So, the question is whether the recent tough short block (5 to 1 week ago) of lots of running but relatively slow, is going to pay-off. There are good reasons for thinking it could go either way. But, this represents a test of Tanda in two dimensions - the formula never claimed to be causative and I am operating some way beyond the dataset on which it was based (extrapolation). I have tested the extrapolative validity of the Tanda equation on a few runners, some of them considerably faster than me, and under the right conditions it seems to do a reasonable job. But, these were runners doing a standard marathon training plan. My plan was not a standard one. I have done no fast running over the past 8 weeks - I have only done one run faster than marathon pace and that was a parkrun today (19 min 5 km) and only two runs that came close to marathon pace (the 20 km effort, see above, and a 5 km pacing for a friend on the 10th September) - neither was easy. I have done no tempo runs and no speed sessions. I also have done no long runs. I don't 'train' for a marathon I just run to work and back and typically do a 10 km run instead of lunch. My longest single run was the 20 km effort (see above), otherwise my longest continuous run was 12 km (although I do a fragmented run on a Saturday to the parkrun and back that amounts to 25-30 km with no drinking or fuelling. My strategy has been to select pace and distance to optimize the amount of 'intensity' that I could put into my running over the 8 week block. Fast running causes me too many injuries and limits the amount I can do - running too slowly chews through too much time. So, I have run to and from work and added as much training stress as I could (rucksack, heavy trainers, coat and glycogen depletion) to maximize the benefit of my 'optimal-Tanda' plan although only distance and pace is used by the Tanda equation. This is where considering heart rate becomes important.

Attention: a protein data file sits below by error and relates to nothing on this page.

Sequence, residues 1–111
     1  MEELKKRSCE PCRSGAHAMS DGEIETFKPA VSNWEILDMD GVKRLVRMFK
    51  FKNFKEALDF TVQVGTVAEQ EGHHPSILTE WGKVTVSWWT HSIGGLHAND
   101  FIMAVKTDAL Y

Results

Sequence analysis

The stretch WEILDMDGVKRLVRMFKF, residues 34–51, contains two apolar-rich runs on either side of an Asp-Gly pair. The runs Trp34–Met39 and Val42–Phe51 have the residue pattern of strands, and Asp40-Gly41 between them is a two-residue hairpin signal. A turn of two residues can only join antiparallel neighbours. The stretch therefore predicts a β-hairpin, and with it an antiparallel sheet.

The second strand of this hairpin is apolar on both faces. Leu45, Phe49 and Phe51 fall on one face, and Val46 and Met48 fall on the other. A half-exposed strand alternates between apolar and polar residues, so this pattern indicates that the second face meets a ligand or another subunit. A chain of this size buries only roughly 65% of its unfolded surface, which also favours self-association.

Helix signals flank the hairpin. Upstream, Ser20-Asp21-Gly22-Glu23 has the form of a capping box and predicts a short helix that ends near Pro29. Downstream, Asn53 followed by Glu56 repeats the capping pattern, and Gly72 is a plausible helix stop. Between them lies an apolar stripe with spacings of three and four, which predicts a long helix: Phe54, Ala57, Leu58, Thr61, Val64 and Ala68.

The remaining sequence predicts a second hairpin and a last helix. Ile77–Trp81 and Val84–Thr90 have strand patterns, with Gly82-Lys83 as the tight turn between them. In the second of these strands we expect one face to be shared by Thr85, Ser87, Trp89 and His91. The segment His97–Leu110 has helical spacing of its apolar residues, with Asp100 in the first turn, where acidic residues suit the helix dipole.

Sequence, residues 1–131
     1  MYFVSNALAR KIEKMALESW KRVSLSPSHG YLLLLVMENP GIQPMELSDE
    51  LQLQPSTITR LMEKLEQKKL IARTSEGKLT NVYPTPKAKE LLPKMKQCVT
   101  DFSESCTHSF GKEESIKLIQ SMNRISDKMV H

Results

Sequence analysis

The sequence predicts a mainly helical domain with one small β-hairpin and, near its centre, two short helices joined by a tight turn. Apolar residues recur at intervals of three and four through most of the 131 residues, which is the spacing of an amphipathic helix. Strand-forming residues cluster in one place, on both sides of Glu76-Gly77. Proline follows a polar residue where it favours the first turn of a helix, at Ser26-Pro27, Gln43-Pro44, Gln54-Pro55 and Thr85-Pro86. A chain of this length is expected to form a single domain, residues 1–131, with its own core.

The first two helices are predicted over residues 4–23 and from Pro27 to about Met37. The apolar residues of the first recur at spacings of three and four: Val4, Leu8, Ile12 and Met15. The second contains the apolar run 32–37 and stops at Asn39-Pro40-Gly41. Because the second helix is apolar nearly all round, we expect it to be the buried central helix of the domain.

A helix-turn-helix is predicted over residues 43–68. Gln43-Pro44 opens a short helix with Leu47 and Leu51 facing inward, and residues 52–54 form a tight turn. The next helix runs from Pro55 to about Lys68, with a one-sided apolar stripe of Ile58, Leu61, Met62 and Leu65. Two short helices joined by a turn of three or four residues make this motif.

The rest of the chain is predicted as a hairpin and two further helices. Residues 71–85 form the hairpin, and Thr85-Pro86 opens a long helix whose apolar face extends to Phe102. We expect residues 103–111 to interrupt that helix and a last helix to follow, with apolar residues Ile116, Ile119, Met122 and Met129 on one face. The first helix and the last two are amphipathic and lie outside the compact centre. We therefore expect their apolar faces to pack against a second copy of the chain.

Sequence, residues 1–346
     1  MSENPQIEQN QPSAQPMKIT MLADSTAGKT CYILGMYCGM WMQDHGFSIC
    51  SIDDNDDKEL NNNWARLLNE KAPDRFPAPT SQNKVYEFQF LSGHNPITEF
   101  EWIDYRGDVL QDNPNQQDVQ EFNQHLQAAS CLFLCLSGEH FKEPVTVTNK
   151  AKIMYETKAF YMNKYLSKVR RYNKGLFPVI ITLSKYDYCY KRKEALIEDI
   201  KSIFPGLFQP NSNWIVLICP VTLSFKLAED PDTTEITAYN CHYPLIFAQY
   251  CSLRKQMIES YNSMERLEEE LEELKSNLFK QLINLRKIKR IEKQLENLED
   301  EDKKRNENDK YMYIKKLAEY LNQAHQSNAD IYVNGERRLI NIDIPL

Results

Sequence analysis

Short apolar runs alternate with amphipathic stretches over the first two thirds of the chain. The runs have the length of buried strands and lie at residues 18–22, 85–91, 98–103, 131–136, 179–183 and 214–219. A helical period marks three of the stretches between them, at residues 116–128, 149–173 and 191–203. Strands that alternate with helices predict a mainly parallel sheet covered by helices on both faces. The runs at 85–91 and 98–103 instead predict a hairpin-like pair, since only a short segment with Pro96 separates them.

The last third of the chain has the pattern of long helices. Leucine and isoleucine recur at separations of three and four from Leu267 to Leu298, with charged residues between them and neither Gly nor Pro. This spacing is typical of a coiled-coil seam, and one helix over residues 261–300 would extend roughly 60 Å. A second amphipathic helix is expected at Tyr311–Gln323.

Figure 2 shows heart rate data from the last 8 weeks. It does not include my 3rd run of the day since it is usually pretty horrific since I am glycogen-depleted probably even beyond the level I would expect during a marathon. On the y-axis is my average heart rate on each run plotted against speed (on the x-axis) in units of meters per min, which may seem odd. First, I use speed rather than pace since heart rate is typically linear with speed over a reasonable range which allows some simple predictions to be made. I also use units of minutes since heart rate is measured in beats per min.  The straight line is a simple linear regression fit to the heart rate versus speed data. This fit predicts a heart rate of 28 beats per minute for me when I am running at 0 meters per min and a rise in heart rate of ~0.47 beats for each meter per min increase in speed. I have plotted on the graph (in magenta) two symbols which happen to overlay one another. The first is a square, the x value of which is the Tanda predicted speed (using the 8 week dataset) with a y-value that is my 'expected' marathon heart rate (148). The second point is a triangle which is plotted at 2 hour 45 min marathon speed and again at my expected marathon heart rate. 
Figure 2. Heart rate data for runs over the past 8 weeks plotted against the average speed of the run. The magenta lines show 2 hour 45 min marathon finishing time speed and the heart rate I think I could currently hold for a marathon.